Friends and former classmates of Amanda Ross, a Lexington woman shot and killed outside of her home last September, plan to honor her memory by sponsoring and helping to build a Habitat for Humanity house.
Ross's former classmates at Sayre School are hoping to recruit volunteers to help build it this fall and raise the $42,500 necessary to fully fund a house. They are spreading the word through mailings to alumni, word-of-mouth and a "Remembering Amanda" Facebook page. Ross graduated in 1998.
"Nothing takes away the sadness, but this will benefit a family," said Rob Turner, a former classmate and a volunteer coordinator at Lexington Habitat for Humanity, who is spearheading the build.
So far, the group has received $1,000 from the Philemon Society, a student-led philanthropic group at Sayre, and a pledge of $1,000 from Ross, Sinclaire & Associates, a brokerage and investment banking firm co-founded by Ross' father, Terrell Ross.
Plus, Quantrell Auto Group has pledged to match donations up to $5,000.
"For Amanda's friends and all those who loved her to remember her in this manner is wonderful," Carrie Ross, Amanda's sister, said in an e-mail. "Honoring Amanda's life with actions is how we have collectively chosen to remember her."
The group's first major fund-raiser will be Sunday, when everyone is welcome to gather at Al's Bar, 601 N. Limestone, for a silent auction, appetizers and an acoustic performance by Stoll Vaughan, a Sayre alumnus. The event begins at 6 p.m.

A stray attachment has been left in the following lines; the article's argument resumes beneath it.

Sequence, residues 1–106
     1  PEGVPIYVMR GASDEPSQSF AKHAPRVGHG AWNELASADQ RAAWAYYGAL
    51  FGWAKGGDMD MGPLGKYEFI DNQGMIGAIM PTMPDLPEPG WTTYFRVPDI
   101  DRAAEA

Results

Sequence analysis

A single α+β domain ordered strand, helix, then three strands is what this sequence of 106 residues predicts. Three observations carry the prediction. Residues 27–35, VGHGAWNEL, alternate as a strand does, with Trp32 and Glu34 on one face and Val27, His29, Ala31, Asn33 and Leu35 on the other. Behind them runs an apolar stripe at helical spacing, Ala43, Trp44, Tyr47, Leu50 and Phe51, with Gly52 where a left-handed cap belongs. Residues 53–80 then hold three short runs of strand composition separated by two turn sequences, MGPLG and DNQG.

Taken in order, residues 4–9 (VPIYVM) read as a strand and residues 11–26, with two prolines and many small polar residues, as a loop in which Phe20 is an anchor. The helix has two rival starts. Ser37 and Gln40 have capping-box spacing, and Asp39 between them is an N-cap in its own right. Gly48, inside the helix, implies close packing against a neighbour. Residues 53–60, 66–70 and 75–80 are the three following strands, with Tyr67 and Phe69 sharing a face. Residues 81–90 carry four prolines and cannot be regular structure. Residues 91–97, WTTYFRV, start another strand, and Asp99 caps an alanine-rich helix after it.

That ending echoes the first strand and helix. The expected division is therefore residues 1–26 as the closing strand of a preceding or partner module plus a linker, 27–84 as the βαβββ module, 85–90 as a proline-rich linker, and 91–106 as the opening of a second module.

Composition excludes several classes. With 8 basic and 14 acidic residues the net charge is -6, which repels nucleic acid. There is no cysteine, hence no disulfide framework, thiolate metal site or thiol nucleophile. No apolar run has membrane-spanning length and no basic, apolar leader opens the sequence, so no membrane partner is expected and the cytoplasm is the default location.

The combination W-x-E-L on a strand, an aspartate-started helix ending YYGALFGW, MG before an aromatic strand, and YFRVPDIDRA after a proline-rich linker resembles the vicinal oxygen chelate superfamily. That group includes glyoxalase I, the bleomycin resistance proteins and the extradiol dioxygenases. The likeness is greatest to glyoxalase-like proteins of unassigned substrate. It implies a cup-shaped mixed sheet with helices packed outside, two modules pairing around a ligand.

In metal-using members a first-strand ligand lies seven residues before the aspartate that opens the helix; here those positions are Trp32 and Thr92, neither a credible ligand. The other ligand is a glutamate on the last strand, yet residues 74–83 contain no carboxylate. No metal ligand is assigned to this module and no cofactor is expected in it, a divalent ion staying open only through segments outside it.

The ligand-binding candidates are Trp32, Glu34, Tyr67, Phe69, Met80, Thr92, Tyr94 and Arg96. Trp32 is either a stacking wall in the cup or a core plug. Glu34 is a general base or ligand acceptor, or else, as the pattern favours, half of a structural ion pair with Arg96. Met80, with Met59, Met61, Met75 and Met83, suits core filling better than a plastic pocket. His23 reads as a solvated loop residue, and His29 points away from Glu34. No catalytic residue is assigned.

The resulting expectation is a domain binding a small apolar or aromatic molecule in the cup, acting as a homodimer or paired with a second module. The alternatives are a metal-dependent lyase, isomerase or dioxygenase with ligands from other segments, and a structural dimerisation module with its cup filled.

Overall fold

If all the money can't be raised, Turner said the group would partner with another sponsor with partial funding.
In the meantime, a family still must be selected and they must pick a lot. But, Turner said, the process is far enough along to assure the build will be this fall. Amanda Ross was gunned down outside her home on Sept. 11, 2009. Former state Rep. Steve Nunn was charged with her murder and has pleaded not guilty. Ross had filed a protection order against Nunn before she was killed.
During the past legislative session, the General Assembly passed "Amanda's Law," which allows judges to order some of those who violate a domestic violence order to wear a global positioning device so victims and police will know their whereabouts.
"Our family and Amanda's friends have called upon the Chief Justice Minton and to every judge in Kentucky to give this law and this technology a chance to save lives," Carrie Ross said in an e-mail.
The Habitat build "pales in comparison to the bill," Turner said.
But, fellow classmate Kent Carmichael said, it may help the group grieve the loss of their friend. "It was just a way for us to remember her and do something right when something wrong happens," he said.
Amanda Ross's mother, Diana Ross, said in an e-mail that her daughter would be proud of the efforts of her friends. "This not only honors Amanda, but gives a family a home of their own. I feel very blessed to be surrounded by so many wonderful people that have helped me and my family cope with this terrible tragedy," she said.
Ross won't be able to attend the event but has donated some of Amanda's personal items to be auctioned.
"Just knowing so many people loved Amanda and want to keep her memory alive has helped me tremendously. We will miss her forever, but she will live in our heart always."